All quiet on the Eastern front

All quiet on the Eastern front.  Stocks rose yesterday as trade talks between US and China kicked off in Washington.  Positive tweets and good body language have investors feeling like this might be the one.




  1.  Great expectations.  In case you haven’t noticed, there is a lot of built up tension in the markets.  Investors who once relied on the occasional call from their brokers were largely immune from the daily gyrations or the markets, the global economy, and the financial news.  Today things are quite different.  The main stream media now regularly features small financial news vignettes or at least a stock index ticker on the bottom left hand of the screen flashing red and green arrows throughout the day.  The word recessionis kicked around with ease.  The Chairman of the Federal Reserve, once a nerdy economist whose musings only appeared deep in the financial press, is now like a rock star who can move global markets with a mere facial expression.  When I am under cover (not wearing my signature bowtie) I am often lectured by everyday folks about the stock market and interest rates.  In the winter of 1929, as the famous Wall Street anecdote goes, Joe Kennedy, a famous businessman, stopped to have his shoes shined on the way to his office.  The shoeshine boy offered Kennedy a tip.  He told him to buy Hindenburg stock, as it was a fine company.  Kennedy promptly went to his office and sold all of his stock quipping that “you know it’s time to sell when shoeshine boys give you stock tips.  The bull market is over”.  People SHOULD be aware of what is going on in the economy in order to manage their personal finances.  The challenge becomes when there is an overload of information and no easy way to sift through it all and get the important message.  It begs the question, what if these everyday folks get spooked and decide to sell stocks?  What would it mean for the long term prospects of investors?  Well, first of all, only around 52% of households actually own stocks with the wealthiest 1% of households making up 50% of that number, many of whom have access to financial professionals to help them sort out their finances. Direct impact therefore, is not as much a factor as one might think. HOWEVER, people make important purchase decisions every day.  Whether or not to buy a new car, renovate their homes, or even how much to spend on groceries.  These purchases make up the bulk of the economy.  Know where this is going yet???  Frightened consumers, in response to the ever growing negative news cycle can directly impact the economy, even push it into recession, which can impact the stock market.  Knowing the facts is important.  Filtering out the noise is critical for long term financial success.


  1.  Next stop.  Trade talks between the US and China are reaching a crescendo… once again.  This time, the stakes are high.  The Chinese economy continues to slow down despite aggressive efforts by its central bank.  In the US, more and more businesses are complaining about the impacts of the trade war.  The President is under an increasing amount of political scrutiny and there are some signs that consumers are getting nervous.  A win at this point would benefit both sides.  Reports have been circulating that China would be willing to accept a partial trade deal and they have ramped up their purchases of US soybeans.  The US has reportedly given licenses to some US companies to sell to Huawei.  Both sides seem poised to work out some sort of deal.  As I said yesterday, even a limited deal would be healthy for not only stocks, but also everyday consumers who are starting to pay attention to financial news (see my point above).  Yesterday President Trump announced that he will meet with Vice Premier Liu He today.  The news helped push equities up in yesterday’s session and the buying continued overnight in the futures markets.  The two are scheduled to meet this afternoon and hopes are high.  Hopefully they too have been watching the financial news.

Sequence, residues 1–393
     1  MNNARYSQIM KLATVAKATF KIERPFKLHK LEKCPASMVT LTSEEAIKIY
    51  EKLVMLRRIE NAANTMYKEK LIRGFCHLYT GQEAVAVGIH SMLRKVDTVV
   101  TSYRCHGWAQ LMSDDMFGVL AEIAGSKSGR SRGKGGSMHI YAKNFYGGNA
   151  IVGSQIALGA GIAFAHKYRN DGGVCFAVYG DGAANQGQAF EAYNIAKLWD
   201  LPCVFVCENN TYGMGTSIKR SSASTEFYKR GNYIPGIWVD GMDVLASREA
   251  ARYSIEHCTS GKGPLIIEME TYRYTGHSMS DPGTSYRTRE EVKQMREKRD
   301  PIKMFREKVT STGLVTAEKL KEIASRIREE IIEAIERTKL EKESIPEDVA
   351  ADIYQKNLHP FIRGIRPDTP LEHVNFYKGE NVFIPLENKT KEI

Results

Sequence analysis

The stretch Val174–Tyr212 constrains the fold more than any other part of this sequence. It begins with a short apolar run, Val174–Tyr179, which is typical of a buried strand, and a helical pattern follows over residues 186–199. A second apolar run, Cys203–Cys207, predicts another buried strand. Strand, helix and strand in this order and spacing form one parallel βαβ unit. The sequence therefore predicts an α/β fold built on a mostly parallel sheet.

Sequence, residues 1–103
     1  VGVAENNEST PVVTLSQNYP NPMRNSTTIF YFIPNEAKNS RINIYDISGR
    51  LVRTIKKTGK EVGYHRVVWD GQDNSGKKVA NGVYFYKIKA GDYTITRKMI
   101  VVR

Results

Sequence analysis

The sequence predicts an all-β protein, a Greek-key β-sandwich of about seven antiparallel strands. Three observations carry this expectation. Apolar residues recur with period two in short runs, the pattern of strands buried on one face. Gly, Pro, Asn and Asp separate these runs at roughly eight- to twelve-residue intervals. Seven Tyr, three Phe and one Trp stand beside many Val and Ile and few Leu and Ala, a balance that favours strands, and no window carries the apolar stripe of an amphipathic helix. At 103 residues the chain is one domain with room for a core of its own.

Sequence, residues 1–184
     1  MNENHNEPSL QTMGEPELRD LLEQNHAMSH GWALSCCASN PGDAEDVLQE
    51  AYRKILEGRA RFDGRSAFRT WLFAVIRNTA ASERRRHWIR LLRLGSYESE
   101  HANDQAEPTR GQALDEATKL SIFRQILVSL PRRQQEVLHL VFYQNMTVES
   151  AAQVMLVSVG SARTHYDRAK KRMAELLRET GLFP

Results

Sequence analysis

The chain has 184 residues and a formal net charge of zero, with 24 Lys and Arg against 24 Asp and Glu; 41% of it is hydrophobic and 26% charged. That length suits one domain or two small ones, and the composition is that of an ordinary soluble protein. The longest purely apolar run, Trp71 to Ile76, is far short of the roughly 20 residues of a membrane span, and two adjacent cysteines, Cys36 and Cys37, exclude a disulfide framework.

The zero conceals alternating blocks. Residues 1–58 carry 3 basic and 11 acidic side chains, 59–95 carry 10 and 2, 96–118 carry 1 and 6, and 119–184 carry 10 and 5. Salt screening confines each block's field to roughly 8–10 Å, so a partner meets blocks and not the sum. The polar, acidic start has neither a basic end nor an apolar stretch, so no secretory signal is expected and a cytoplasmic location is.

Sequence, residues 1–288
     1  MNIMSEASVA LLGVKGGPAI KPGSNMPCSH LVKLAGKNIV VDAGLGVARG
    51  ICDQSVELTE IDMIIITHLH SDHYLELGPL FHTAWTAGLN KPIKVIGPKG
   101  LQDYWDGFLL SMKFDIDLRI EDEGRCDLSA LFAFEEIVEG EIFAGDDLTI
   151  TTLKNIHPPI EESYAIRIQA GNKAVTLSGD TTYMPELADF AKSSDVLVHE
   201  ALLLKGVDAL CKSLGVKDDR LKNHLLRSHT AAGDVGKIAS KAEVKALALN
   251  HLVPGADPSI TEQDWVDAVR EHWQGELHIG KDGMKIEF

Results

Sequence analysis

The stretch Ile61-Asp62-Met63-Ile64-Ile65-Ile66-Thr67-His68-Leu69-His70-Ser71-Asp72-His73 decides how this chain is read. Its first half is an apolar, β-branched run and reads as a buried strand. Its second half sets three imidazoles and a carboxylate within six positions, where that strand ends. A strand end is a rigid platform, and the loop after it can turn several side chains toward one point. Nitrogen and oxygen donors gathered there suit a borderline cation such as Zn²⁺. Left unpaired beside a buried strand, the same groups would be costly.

Stocks traded higher yesterday on high hopes that a trade deal might actually happen this time around and the Fed continues to offer verbal support.  The S&P500 advanced by +0.64%, the Dow Jones Industrial Average climbed by +0.57%, the Russell 2000 traded up by +0.40%, and the NASDAQ Composite Index progressed by +0.60%.  Bonds slipped for another session and 10-year treasury yields climbed by +8 basis points to 1.66.  Crude oil climbed as much as 1.6% overnight, WHILE YOU SLEPT, on reports that an Iranian oil tanker was struck by rockets in the gulf.




– University of Michigan Sentiment will be released and is expected to be at 92.0, down from last month’s 93.2.

– Minneapolis Fed President Neel Kashkari, Boston Fed President Eric Rosengren, and Dallas Fed Boss Robert Kaplan will all speak today.

– Next week, we will get some regional Fed reports, Retail Sales, some housing numbers, The Leading Index, and the Federal Reserve Beige Book.  Earnings season will officially begin next week with the financial stocks along with many others.


Have a great weekend!

daily chartbook 2019-10-11

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